Intentions vs Resolutions

It is both the road to heaven and the road to hell that are paved with good intentions. Look at them as small, incremental ways in which we either grow or digress. From a small business perspective my two main intentions for 2019 is better communication with my clients and timely invoicing.

I’ve got more on my list, but we’ll start there.
Forward!
~e

Lessons Learned: 2018 in Review

It’s that time of year when we naturally turn to both personal and professional self-reflection. As we draw 2018 to a close, I sit here at my newly created office and am doing exactly that. Here are the things I’ve learned from my small business in 2018.

  1. I am filled with good ideas and they are worthy. Whether it be noticing trends or paying attention to subtleties, this year has taught me that the ideas I see have merit. For me, part of the key to this year’s success has been paying attention to them and carrying them out for both my clients and myself.
  2. My work is serious and I treat it like the business it is. Though I tend to weave humor into my work, I do respect it and treat it as the vital, critically important business that it is. My family would not survive if Robinson Studio did not do well. I am grateful for the opportunities 2018 has provided to reach higher and treat Robinson Studio with dignity.
  3. It’s all about relationships. Whether client, partner or mentor, my business is all about relationships and nuturing those. This year, I had two very painful lessons with new clients refusing to pay for work rendered. To learn from this experience, I have to firmly understand my part in this misadventure so that I do not repeat it. For me, in both instances (which happened within a month of each other) were the result of several similarities including no clearly written expectations (i.e. a contract in place) and also no regular (weekly, bi-weekly) contact with these new clients to make certain that I was meeting my part of the obligations. Finally, in both these situations I did not send out a regular invoice and so when my cumulative invoice came it was a big chunk for a fellow small business owner and thence it was rejected…and I had no leg to stand on, legally or otherwise. I’ve learned from these painful lessons and can guarantee you that I won’t repeat those same mistakes.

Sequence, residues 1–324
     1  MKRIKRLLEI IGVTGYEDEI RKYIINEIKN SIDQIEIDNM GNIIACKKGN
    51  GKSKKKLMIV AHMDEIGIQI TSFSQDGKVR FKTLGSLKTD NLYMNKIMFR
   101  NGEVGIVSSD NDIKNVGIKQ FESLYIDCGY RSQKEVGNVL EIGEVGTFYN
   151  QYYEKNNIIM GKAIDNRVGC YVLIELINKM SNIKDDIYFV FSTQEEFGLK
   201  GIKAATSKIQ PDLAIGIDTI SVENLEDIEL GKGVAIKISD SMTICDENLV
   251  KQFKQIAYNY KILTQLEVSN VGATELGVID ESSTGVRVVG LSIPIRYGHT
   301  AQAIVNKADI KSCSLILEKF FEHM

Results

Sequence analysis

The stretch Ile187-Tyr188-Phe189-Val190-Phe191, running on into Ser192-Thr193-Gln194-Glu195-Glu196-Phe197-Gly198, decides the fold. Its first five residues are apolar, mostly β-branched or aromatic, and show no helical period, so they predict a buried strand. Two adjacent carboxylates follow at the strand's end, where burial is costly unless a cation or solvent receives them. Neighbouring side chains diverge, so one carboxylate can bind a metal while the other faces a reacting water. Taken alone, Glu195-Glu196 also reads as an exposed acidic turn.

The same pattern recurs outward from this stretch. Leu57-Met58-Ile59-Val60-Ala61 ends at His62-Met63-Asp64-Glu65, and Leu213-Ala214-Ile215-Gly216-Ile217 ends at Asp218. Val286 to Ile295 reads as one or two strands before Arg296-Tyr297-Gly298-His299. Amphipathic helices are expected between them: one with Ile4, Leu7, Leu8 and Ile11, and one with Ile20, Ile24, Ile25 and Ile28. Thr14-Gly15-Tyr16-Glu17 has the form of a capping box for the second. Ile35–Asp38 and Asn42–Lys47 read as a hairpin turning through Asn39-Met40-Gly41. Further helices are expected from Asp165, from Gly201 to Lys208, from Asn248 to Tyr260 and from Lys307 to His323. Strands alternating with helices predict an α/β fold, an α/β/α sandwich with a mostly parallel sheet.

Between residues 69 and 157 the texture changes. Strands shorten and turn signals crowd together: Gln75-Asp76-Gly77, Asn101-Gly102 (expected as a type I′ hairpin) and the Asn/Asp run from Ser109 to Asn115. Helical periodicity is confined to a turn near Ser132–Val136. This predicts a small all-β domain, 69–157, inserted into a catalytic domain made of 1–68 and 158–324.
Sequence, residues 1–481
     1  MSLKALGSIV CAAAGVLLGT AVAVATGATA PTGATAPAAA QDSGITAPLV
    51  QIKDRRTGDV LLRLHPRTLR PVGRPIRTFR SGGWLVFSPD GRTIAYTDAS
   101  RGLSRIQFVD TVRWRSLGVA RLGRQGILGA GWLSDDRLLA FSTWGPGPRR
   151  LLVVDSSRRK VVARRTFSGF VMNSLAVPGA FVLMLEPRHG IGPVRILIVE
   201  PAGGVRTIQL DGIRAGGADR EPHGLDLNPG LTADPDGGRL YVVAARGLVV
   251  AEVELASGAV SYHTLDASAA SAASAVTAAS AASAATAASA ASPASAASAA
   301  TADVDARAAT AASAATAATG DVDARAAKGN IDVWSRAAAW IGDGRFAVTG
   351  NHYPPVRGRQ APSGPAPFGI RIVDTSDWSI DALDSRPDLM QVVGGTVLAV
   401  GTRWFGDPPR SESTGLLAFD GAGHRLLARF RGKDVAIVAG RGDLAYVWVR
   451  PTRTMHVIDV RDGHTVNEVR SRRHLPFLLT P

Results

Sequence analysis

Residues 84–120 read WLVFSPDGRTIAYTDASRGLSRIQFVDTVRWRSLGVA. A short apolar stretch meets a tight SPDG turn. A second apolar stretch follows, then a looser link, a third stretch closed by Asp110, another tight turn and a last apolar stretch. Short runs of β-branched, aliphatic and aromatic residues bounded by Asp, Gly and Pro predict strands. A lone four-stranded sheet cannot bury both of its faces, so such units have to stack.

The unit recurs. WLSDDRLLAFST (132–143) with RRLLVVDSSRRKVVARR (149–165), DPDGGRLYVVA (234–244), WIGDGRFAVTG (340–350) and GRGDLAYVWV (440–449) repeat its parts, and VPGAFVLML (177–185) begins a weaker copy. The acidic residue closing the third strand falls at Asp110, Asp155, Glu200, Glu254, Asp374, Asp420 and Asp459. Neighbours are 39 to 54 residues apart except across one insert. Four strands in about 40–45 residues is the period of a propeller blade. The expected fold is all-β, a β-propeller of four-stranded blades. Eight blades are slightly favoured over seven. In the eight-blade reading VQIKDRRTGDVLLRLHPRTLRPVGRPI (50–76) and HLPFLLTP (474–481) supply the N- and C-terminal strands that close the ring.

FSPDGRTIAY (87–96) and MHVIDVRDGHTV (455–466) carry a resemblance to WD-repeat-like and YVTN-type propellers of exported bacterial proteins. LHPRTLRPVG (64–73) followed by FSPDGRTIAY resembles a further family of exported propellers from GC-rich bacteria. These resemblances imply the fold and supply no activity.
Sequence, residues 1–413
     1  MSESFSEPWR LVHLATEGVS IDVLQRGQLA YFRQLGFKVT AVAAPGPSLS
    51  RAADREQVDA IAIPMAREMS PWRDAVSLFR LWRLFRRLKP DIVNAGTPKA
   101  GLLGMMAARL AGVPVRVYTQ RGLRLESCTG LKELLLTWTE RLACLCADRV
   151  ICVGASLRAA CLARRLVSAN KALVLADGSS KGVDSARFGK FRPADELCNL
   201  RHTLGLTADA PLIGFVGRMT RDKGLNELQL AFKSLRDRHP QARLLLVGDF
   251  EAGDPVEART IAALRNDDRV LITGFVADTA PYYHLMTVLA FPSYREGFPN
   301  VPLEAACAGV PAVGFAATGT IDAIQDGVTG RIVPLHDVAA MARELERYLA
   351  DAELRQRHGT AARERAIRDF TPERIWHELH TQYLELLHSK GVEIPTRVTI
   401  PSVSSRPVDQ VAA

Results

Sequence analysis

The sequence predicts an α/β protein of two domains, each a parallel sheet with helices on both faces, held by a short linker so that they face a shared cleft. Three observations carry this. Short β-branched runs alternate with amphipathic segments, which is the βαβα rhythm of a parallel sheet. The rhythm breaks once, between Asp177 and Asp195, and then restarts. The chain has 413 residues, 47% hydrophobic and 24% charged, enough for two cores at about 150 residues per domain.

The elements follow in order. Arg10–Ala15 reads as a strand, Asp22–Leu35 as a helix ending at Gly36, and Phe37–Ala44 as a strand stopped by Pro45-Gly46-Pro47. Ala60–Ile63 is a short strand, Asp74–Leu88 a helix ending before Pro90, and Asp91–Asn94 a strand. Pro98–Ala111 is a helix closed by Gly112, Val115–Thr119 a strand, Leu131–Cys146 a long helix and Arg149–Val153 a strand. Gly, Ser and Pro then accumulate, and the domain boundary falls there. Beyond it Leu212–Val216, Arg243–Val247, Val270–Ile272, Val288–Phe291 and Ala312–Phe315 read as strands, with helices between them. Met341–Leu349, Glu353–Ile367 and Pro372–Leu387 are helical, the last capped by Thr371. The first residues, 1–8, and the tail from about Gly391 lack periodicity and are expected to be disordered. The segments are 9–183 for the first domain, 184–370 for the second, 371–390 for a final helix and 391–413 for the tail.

4. Budgets have limits. There’s nothing like having a budget, using it up and having to work for free to complete a project. It again was another painful lesson, this one primarily in time and money management. I left the days of minimum wage long ago. Minding my budget (and my client’s) and the time division is critical for not only my business’ success but my mental well being.
  5. Limit pro-bono to one project or activity a year. While some business’ may need to do giveaways or donations as a way of building an audience or exposure, 2018 for me reaffirmed that I need to stay focused and not scatter my efforts in too many directions. My time is limited and needs to be shared with family and other work obligations, if I overcommit, no matter how good my intentions, I will end up hurting the ones I love, including myself. Boundaries matter. Be generous. Above all, be wise.

Whether you are reading this on NYE or at some later date, consider taking some time to reflect on the past 12 months and the lessons learned. Write them down. See if there is a pattern or an overarching theme. And above all: keep at it!

 

Lesson #2: Communication

Learn the lesson or you will repeat it.

Today, I got thoroughly schooled in the mistake of not communicating regularly with a client.

Friends, it was an expensive class.